Provided by: libpcre3-dev_8.39-14_amd64
PCRE - Perl-compatible regular expressions (original API)
PLEASE TAKE NOTE
This document relates to PCRE releases that use the original API, with library names libpcre, libpcre16, and libpcre32. January 2015 saw the first release of a new API, known as PCRE2, with release numbers starting at 10.00 and library names libpcre2-8, libpcre2-16, and libpcre2-32. The old libraries (now called PCRE1) are still being maintained for bug fixes, but there will be no new development. New projects are advised to use the new PCRE2 libraries.
If you are using PCRE in a non-UTF application that permits users to supply arbitrary patterns for compilation, you should be aware of a feature that allows users to turn on UTF support from within a pattern, provided that PCRE was built with UTF support. For example, an 8-bit pattern that begins with "(*UTF8)" or "(*UTF)" turns on UTF-8 mode, which interprets patterns and subjects as strings of UTF-8 characters instead of individual 8-bit characters. This causes both the pattern and any data against which it is matched to be checked for UTF-8 validity. If the data string is very long, such a check might use sufficiently many resources as to cause your application to lose performance. One way of guarding against this possibility is to use the pcre_fullinfo() function to check the compiled pattern's options for UTF. Alternatively, from release 8.33, you can set the PCRE_NEVER_UTF option at compile time. This causes an compile time error if a pattern contains a UTF-setting sequence. If your application is one that supports UTF, be aware that validity checking can take time. If the same data string is to be matched many times, you can use the PCRE_NO_UTF[8|16|32]_CHECK option for the second and subsequent matches to save redundant checks. Another way that performance can be hit is by running a pattern that has a very large search tree against a string that will never match. Nested unlimited repeats in a pattern are a common example. PCRE provides some protection against this: see the PCRE_EXTRA_MATCH_LIMIT feature in the pcreapi page.
The user documentation for PCRE comprises a number of different sections. In the "man" format, each of these is a separate "man page". In the HTML format, each is a separate page, linked from the index page. In the plain text format, the descriptions of the pcregrep and pcretest programs are in files called pcregrep.txt and pcretest.txt, respectively. The remaining sections, except for the pcredemo section (which is a program listing), are concatenated in pcre.txt, for ease of searching. The sections are as follows: pcre this document pcre-config show PCRE installation configuration information pcre16 details of the 16-bit library pcre32 details of the 32-bit library pcreapi details of PCRE's native C API pcrebuild building PCRE pcrecallout details of the callout feature pcrecompat discussion of Perl compatibility pcrecpp details of the C++ wrapper for the 8-bit library pcredemo a demonstration C program that uses PCRE pcregrep description of the pcregrep command (8-bit only) pcrejit discussion of the just-in-time optimization support pcrelimits details of size and other limits pcrematching discussion of the two matching algorithms pcrepartial details of the partial matching facility pcrepattern syntax and semantics of supported regular expressions pcreperform discussion of performance issues pcreposix the POSIX-compatible C API for the 8-bit library pcreprecompile details of saving and re-using precompiled patterns pcresample discussion of the pcredemo program pcrestack discussion of stack usage pcresyntax quick syntax reference pcretest description of the pcretest testing command pcreunicode discussion of Unicode and UTF-8/16/32 support In the "man" and HTML formats, there is also a short page for each C library function, listing its arguments and results.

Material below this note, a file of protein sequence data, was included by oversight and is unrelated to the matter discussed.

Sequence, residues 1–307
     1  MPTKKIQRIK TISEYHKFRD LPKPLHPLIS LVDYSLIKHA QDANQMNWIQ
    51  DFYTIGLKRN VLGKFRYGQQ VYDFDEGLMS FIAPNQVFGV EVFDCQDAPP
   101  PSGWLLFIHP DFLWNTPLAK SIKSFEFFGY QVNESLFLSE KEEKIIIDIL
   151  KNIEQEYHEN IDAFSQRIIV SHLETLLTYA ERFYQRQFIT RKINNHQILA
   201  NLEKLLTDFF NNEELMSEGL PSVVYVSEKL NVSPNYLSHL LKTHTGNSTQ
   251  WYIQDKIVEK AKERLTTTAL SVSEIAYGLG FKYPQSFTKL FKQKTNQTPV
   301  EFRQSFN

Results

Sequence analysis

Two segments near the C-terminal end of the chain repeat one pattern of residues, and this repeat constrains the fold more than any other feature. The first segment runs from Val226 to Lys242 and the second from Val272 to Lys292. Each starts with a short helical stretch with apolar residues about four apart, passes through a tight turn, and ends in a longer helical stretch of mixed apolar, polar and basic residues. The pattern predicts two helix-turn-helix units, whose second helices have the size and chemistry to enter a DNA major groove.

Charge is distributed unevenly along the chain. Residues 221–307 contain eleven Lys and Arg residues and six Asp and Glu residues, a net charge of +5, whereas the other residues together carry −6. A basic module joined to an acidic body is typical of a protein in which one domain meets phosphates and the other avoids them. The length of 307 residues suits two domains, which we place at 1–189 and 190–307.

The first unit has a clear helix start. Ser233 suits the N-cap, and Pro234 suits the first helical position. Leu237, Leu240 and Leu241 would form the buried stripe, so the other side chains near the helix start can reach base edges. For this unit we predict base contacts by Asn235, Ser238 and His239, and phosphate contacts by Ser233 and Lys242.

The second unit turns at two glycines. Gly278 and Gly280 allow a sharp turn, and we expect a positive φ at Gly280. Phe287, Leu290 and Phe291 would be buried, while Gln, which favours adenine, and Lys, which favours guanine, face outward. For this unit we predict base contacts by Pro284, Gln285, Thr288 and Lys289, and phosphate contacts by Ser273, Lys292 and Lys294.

Philip Hazel University Computing Service Cambridge CB2 3QH, England. Putting an actual email address here seems to have been a spam magnet, so I've taken it away. If you want to email me, use my two initials, followed by the two digits 10, at the domain cam.ac.uk.
Last updated: 10 February 2015 Copyright (c) 1997-2015 University of Cambridge.